We need to touch on inflation and the Bank of England. Last week the Bank raised UK bank rate by half of one percent to 2.25%. It also said that all of us, plus Presidents Putin and Xi have all been very naughty and we need to be punished by having a recession, which will drive out the inflation that we have caused, and which has nothing whatsoever to do with the Bank. And we should go home, wear sackcloth and ashes, eat gruel and keep the lights off.
Anyway, whether inflation was caused by the Bank (which it was, mostly) or by the price of petrol (which it mostly isn’t), the headline rate is still 10%, give or take. It is also, as if by magic, accepted wisdom that tax cuts are inflationary and thus any fool can see that cutting taxes with 10% inflation is a stupid thing to do. It is an easy narrative. It just lacks any basis in fact. Taxes neither create nor destroy money, they merely determine the amount of capital that is transferred from the private to the public sector. Economists fight like cat and dog about whether fiscal policy affects inflation. They have since we slithered from the primordial soup, and will until the sun goes cold. There is no simple answer.
Our fear is that too many will believe in the myth. There is already clamour for the Bank to introduce emergency rate increases to counter the reckless spending. Despite this being dangerous nonsense, it is quite possible that Andrew Bailey, the current Governor and primary denier of inflationary-responsibility, will see this as his route back to credibility with the City. And lest we are accused of being apologists for the government, we should add that, in our view, some of the chancellor’s measures were decidedly rum. Others, as we argued last week, may be very much for the better.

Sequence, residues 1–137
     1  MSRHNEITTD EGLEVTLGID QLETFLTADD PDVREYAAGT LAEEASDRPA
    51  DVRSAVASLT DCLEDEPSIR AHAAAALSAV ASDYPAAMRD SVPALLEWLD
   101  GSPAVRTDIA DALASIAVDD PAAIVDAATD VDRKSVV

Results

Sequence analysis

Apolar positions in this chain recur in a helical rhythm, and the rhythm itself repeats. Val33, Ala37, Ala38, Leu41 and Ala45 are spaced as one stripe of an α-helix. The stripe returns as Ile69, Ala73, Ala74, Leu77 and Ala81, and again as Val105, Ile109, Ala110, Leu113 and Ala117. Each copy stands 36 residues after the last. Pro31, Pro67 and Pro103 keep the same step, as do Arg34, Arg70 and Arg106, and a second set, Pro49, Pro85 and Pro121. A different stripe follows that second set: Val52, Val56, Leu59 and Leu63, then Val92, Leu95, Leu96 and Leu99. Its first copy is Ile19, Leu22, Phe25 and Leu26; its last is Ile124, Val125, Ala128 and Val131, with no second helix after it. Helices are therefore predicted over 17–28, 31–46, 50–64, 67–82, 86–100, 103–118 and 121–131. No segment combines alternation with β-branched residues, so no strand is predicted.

And then we come onto oil and energy. Brent crude this morning has been trading below $85/bbl. This is back to where we were last November – three months before the invasion of Ukraine. Gas prices have fallen by around 25% in the US over the past month. It will take something extraordinary for inflation not to be falling sharply as we move through 2023. If we combine this with the already evident slowdown in economic activity and Central Banks currently determined to push the western world into recession, then we have a scenario for next year in which the Banks will have to volte face again.
We are not ignoring Ukraine. This is moving into another dangerous phase. The Ukrainian advances complicate the referendums. Once the results are published, then much of what is currently eastern Ukraine will become Russian sovereign territory. Which means that NATO-supported Ukrainian military action in those areas becomes very much more serious. Despite the very welcome fall in oil and gas prices, this is far from over.
It is still time to hang onto one’s topper, and markets are most unlikely to calm down anytime soon. However, the tizz will fade and we can see what we believe to be potentially tremendous value in both equity and bond markets. In the absence of something going very wrong in Eastern Europe, 2023’s prospects are surprisingly brightening, but we should all expect that our patience will be tested further in the coming weeks.
Finally, congratulations to those who sang along to Rhinestone Cowboy last week. Today, back to 1985: “Now look at them yo-yos, that’s the way you do it.” Which self-deprecating classic?
Jim Wood-Smith – Market Commentator and Head of Climate Transition
All charts and data sourced from FactSet